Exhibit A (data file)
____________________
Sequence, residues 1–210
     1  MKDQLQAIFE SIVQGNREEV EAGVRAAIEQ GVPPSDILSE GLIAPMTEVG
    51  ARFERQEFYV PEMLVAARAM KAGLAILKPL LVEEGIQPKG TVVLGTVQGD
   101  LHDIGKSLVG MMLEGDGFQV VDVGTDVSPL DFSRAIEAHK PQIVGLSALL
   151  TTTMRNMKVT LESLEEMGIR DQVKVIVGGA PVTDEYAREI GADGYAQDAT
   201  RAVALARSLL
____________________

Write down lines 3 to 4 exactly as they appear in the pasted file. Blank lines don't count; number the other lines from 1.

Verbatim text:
    51  ARFERQEFYV PEMLVAARAM KAGLAILKPL LVEEGIQPKG TVVLGTVQGD
   101  LHDIGKSLVG MMLEGDGFQV VDVGTDVSPL DFSRAIEAHK PQIVGLSALL